The final rule is expected to be published in the Federal Register in early to mid-2003. Companies with existing tunnel kilns that are subject to the rule will have three years from the time the final rule is published in the Federal Register to comply, so it’s possible that compliance might not be required until 2006. However, any company that constructed a new tunnel kiln or revamped its existing kilns after July 22, 2002, will need to comply with the final rule as soon as it is published. Additionally, any company that is planning a plant expansion or a kiln revamp in 2003 will need to be in compliance upon initial startup of their kiln(s).
The “MACT hammer” might further complicate the situation. This issue arose when the EPA missed the November 18, 2000, deadline mandated by the Clean Air Act to issue nationwide MACT standards for hazardous air pollutants (HAPs). Without the new provisions of the MACT final rule, state and local governments were to begin setting their own emissions standards on a case-by-case basis 18 months after the deadline (May 15, 2002). Under the MACT hammer provision, facilities would also be required to submit detailed permit applications to states so that state-permitting agencies could determine MACT standards for each individual facility. Although this requirement has not yet been triggered on a national level, some states have already begun the permit application process, and companies in these states could be forced to comply with strict emission standards as early as 2004.
The Brick Industry Association (BIA) Task Force and other industry groups are continuing to lobby for changes to the final rule, and many brick manufacturers have decided to take a “wait and see” approach. However, while it may be wise to hold off on purchasing the actual control technology, companies can begin taking a number of steps now to ensure that they will be prepared to meet the new regulations.
Despite the EPA’s apparent endorsement of some of these systems in the proposed rule, not all APCDs have been proven to remove the required level of pollutants. Additionally, what works for one plant might not be the right solution for another facility. According to Lars Hansen, sales manager for Procedair Industries, Englewood, Colo., one of the most important things companies can begin doing right now is educating themselves about the MACT rule and the various options for compliance.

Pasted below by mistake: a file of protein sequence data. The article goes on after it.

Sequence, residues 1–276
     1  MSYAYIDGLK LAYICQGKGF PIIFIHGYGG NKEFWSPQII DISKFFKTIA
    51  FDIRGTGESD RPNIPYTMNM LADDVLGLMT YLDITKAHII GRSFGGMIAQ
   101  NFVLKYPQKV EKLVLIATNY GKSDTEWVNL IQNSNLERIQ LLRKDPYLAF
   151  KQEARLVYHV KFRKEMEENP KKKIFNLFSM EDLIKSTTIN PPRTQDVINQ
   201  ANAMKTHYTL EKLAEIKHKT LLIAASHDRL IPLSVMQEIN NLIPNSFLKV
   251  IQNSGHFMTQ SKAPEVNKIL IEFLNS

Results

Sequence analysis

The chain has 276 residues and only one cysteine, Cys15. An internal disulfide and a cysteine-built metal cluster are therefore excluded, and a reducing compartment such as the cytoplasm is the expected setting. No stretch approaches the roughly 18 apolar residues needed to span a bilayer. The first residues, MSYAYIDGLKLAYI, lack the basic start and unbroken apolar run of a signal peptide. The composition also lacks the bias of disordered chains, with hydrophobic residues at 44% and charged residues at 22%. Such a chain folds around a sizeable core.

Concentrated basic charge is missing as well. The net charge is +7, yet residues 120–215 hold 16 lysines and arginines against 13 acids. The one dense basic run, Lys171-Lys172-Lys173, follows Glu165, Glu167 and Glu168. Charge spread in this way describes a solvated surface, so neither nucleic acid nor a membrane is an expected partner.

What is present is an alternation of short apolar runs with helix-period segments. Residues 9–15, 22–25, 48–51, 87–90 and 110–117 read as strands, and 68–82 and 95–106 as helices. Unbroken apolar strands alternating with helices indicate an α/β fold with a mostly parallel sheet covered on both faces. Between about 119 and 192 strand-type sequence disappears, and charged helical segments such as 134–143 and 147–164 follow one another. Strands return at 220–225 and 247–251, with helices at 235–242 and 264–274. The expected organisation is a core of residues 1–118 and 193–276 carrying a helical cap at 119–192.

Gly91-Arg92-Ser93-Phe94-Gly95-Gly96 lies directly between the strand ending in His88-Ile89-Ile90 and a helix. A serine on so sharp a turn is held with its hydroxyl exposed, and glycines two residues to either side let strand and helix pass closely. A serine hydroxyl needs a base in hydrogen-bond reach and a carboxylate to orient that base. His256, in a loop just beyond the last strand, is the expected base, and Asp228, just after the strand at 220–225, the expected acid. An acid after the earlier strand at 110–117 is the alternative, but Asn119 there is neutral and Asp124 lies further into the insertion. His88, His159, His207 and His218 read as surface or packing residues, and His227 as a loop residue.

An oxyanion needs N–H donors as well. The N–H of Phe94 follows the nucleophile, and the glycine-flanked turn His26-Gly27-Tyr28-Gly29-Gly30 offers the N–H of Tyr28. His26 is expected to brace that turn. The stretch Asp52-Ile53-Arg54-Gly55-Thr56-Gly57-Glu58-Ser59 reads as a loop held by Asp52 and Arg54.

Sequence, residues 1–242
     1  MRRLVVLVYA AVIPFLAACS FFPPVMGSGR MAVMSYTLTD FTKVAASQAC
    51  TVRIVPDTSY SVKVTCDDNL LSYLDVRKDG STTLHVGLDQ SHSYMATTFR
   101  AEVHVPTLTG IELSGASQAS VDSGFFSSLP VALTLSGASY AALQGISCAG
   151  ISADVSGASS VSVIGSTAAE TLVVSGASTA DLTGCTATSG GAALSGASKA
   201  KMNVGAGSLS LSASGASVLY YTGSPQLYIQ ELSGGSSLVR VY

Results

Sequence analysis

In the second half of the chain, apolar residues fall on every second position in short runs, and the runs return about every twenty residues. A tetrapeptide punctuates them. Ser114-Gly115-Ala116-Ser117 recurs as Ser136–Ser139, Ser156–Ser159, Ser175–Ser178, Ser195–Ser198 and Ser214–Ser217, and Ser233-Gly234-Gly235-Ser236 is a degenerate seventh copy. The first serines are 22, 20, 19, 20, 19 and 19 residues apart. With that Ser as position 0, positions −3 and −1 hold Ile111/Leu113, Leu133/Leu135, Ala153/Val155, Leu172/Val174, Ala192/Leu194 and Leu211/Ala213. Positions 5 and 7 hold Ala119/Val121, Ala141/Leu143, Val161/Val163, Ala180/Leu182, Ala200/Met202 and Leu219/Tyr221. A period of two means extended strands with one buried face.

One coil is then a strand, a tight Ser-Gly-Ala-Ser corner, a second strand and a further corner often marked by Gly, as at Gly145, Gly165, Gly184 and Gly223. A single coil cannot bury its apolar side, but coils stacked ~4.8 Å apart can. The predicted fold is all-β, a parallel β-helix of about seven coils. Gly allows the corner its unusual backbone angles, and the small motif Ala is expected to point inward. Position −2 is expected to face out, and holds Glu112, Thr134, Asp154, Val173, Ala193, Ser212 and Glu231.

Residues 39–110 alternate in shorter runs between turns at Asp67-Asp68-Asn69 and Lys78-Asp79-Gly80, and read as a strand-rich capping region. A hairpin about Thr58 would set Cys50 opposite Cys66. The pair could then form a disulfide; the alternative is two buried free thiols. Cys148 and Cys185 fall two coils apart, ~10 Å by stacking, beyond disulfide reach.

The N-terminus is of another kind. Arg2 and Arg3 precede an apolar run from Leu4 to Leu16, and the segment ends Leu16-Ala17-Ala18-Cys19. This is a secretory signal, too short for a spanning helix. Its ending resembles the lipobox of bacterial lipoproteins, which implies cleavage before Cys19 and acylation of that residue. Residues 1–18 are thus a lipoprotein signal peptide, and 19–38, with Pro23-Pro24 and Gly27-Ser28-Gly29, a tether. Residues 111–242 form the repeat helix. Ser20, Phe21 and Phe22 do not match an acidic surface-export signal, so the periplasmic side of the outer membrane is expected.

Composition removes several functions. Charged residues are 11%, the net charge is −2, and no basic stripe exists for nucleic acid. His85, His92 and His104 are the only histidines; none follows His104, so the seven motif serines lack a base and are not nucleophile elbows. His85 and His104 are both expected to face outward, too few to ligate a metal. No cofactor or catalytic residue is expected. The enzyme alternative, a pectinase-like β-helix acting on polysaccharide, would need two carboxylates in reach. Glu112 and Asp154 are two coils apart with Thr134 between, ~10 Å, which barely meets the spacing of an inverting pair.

“Companies should contact different scrubber vendors and have them visit their plants and give presentations so they can educate themselves. Most suppliers will be happy to come and help them in that process,” Hansen said.
Independent consultants can also help companies ensure that they select the right type of control device. “When companies are evaluating different technologies, it can be difficult to maintain an objective viewpoint. An independent reviewer can help guide the equipment selection process and ensure that the proper level of control is selected,” said Andy Turnbull, president of Lucas Process Systems in Charlotte, N.C.
“Companies that can’t tolerate a liquid discharge but still want to use a wet scrubber have some options,” Mueller said. “For example, in one CECO system that is being installed right now, a specialty filter dewaters scrubber sludge so that the liquid waste is cleaned of practically all solids. The remainder is a dry waste, which can go to a landfill. For companies that can’t tolerate any liquid waste, a spray dryer can also be used.”
Operating flexibility is another issue to consider. “Companies need to look at the operating range of any scrubber they’re considering, and also look at the operating range at which they run their tunnel kiln,” recommends Don Denison, president of Denison Engineering and a representative for ENCERTEC, Inc. “When times are hard, it’s common for tunnel kilns to run at half, or even a third of their speed, so companies need to have a scrubber that can handle the slower speeds, as well as high speeds for times when plants are running at full capacity. Not all scrubbers can meet that level of flexibility.”